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  • Medical Student Education

    The Division of Medical Student Education in the Department of Psychiatry and Human Behavior organizes and administers four core medical school curriculum courses and various elective courses:

    Course No. Course Title Contact Hours Year
    611  Human Behavior   12 

    Winter, 1st year

    612  Psychopathology I   38 

    Spring, 1st year

    621  Psychopathology II   12 

    Spring, 2nd year

    631  Psychiatry Clerkship    200 

    Rotation, 3rd year

    The required psychiatry textbook for each course during the next four years is Introductory Textbook of Psychiatry; Nancy C. Andreasen, MD, PhD, and Donald W. Black, MD.; American Psychiatric Publishing, Inc.; Washington, D.C.; London, England; 3rd edition, 2001. The book is comprehensive, well organized and easy to read. 


    • Psychiatry 611. To understand abnormal development, one must first understand normal stages of human development. Psychiatry 611 is introduces students to theories of human development and behavior. Students will be expected to understand different learning theories, such as classical and operant conditioning. Human development from infancy through late adulthood and death will be emphasized. Students will be introduced to important theorists, including Sigmund Freud, Erik Erikson, Donald W. Winnicott, and Margaret Mahler. Human defense mechanisms will be discussed. Other topics will include social and family behavior, human sexuality and the physician-patient relationship. The course is designed to be interactive. In order to participate meaningfully in class, students are encouraged to complete assigned reading before class. 
    • Psychiatry 612. The course introduces students to a number of causes of psychiatric disorders, including mood, anxiety, paranoid, substance abuse, somatoform, personality, and sleep disorders. One lecture will focus on the Diagnostic and Statistical Manual of Mental Disorders (the DSM-IV-TR). The DSM, now in its fourth edition, is a classification system used to describe discrete psychiatric disease entities. Classification of psychiatric illnesses and the different uses of the DSM-IV will be discussed. Important neurotransmitters, such as dopamine, serotonin, norepinephrine, acetylcholine, and the role they play in mental illnesses will be discussed.

      Other topics will include cognitive disorders such as Alzheimer's dementia, vascular dementia, delirium, etc. Neuroanatomical changes related to the dementias, schizophrenia, obsessive-compulsive disorder, post-traumatic stress disorder (PTSD), major depressive disorder and neurological disorders with psychiatric symptoms such as Huntington's disease will be discussed and, when possible, illustrated with neuroimaging studies of the brain.

      Patient interviews will be conducted, including four small group sessions. Students are divided into groups of approximately 12 and assigned to two faculty facilitators. These sessions will help students develop skills in performing psychiatric interviews and the mental status exam.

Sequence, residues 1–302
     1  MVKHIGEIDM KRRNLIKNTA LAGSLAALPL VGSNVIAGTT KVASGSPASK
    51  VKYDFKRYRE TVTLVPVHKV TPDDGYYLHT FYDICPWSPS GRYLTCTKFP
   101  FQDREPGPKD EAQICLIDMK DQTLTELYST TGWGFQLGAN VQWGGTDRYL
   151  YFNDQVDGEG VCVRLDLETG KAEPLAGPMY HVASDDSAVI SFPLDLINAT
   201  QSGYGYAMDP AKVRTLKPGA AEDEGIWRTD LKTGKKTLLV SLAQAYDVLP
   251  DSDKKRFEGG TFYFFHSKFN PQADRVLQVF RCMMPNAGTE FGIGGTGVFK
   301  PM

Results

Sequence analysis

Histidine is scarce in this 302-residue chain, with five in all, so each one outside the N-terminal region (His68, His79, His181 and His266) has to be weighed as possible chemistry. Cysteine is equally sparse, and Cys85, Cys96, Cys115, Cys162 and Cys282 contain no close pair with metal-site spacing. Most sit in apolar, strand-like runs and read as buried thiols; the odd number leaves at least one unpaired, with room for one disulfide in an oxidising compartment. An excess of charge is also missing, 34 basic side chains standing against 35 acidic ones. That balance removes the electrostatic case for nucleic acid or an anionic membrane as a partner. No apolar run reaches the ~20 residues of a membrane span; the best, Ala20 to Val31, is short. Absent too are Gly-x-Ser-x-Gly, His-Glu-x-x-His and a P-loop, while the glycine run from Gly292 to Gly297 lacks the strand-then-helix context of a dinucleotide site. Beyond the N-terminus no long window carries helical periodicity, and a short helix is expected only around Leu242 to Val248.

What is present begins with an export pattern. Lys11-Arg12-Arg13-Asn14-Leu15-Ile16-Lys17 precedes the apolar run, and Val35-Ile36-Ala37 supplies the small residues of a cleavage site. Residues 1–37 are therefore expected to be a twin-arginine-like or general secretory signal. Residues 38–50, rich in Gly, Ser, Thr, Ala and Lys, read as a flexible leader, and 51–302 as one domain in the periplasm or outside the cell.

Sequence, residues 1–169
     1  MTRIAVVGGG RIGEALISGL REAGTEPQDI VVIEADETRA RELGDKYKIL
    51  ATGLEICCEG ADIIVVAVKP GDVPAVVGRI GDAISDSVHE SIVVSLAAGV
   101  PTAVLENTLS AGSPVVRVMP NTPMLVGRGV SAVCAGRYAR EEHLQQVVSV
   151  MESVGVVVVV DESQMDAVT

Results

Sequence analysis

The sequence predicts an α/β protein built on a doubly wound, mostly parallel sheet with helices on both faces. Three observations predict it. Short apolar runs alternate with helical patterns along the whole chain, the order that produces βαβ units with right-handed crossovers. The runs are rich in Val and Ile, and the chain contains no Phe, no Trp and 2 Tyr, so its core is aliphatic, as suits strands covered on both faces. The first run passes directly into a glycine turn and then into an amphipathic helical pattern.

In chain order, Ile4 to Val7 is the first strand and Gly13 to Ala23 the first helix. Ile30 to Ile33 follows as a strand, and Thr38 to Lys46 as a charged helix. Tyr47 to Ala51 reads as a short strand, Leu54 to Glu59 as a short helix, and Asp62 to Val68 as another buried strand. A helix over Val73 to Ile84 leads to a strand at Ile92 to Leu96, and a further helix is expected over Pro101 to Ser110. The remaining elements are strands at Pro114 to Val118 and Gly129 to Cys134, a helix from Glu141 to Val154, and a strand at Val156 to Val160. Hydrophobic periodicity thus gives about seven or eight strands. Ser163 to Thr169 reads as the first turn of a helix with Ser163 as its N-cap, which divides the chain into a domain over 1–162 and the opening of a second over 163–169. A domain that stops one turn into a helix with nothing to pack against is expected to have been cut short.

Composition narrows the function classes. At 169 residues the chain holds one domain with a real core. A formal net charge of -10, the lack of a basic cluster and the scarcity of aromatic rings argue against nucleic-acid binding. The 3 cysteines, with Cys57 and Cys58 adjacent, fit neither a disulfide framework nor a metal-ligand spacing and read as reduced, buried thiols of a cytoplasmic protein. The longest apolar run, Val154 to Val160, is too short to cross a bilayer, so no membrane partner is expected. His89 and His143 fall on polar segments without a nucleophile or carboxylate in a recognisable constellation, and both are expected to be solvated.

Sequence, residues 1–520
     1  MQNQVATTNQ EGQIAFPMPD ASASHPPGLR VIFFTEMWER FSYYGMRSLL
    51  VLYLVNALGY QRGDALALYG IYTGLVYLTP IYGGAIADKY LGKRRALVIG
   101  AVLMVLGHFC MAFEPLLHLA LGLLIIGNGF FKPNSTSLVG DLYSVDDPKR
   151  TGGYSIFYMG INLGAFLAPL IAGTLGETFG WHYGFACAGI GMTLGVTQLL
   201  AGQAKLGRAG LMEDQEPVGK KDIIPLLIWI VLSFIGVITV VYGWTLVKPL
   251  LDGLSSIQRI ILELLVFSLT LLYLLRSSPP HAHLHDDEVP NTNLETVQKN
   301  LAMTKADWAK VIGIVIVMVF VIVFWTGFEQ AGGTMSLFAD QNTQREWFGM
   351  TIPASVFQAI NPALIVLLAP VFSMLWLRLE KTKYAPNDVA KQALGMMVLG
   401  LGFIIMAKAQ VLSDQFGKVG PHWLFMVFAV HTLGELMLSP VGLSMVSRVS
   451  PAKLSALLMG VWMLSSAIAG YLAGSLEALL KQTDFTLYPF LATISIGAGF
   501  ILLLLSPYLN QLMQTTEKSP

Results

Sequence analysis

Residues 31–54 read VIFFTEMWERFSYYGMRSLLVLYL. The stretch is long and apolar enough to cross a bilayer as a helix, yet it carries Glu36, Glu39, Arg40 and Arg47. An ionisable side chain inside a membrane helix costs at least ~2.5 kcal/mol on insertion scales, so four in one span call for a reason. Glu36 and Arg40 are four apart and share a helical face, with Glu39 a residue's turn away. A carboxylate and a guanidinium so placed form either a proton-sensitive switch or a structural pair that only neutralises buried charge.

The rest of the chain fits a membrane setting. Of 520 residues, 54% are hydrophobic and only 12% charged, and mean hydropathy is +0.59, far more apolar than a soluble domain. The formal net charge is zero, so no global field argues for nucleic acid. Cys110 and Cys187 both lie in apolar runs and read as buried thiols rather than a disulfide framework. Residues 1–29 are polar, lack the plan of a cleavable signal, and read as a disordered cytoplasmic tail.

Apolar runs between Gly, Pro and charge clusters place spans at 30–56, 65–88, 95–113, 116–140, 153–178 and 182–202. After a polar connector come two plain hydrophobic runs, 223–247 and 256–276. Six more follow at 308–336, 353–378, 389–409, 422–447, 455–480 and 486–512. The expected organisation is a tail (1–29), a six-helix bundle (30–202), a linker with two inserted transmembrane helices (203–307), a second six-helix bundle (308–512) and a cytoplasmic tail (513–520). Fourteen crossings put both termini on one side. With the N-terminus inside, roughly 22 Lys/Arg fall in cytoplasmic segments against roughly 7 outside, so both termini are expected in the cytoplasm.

• Psychiatry 621. A continuation of different aspects of psychopathology, lecture topics will include psychopharmacology, endocrinology and psychiatric manifestations of medical illnesses. Eating disorders will be discussed. Disorders of childhood and adolescence will be covered. Different forms of mental retardation will be addressed, as will specific neurological disorders such as Tourette's syndrome. Disorders of cognition and neuroanatomy will be re-visited as will several other topics, including sleep disorders. Lecture time will also be devoted to ethics and communication skills.
    • Psychiatry 631. A six-week clerkship will expose students to both inpatient and outpatient psychiatry. Students will rotate on an adult medicine/psychiatry inpatient unit, a general adult psychiatry inpatient unit, and a child and adolescent psychiatry inpatient unit. Students also will rotate on an inpatient addiction recovery unit at the VA hospital. Ambulatory psychiatry includes outpatient general adult psychiatry. Students also will participate in outpatient child and adolescent clinics primarily focused on the treatment of attention deficit hyperactivity disorder (ADHD). Students will be expected to work closely with residents and participate in taking call. The rotation will include a tour of Whitfield Hospital, a local state mental hospital. Four hours per week will be devoted to didactic lectures. Schedules will be flexible if a student has a particular interest in a certain area of psychiatry.

    For more information

    • Barbara Daniels, MBEd, Course Coordinator
              Department of Psychiatry and Human Behavior
              2500 N. State St.
              Jackson, MS 39216-4505
              Phone: (601) 984-5865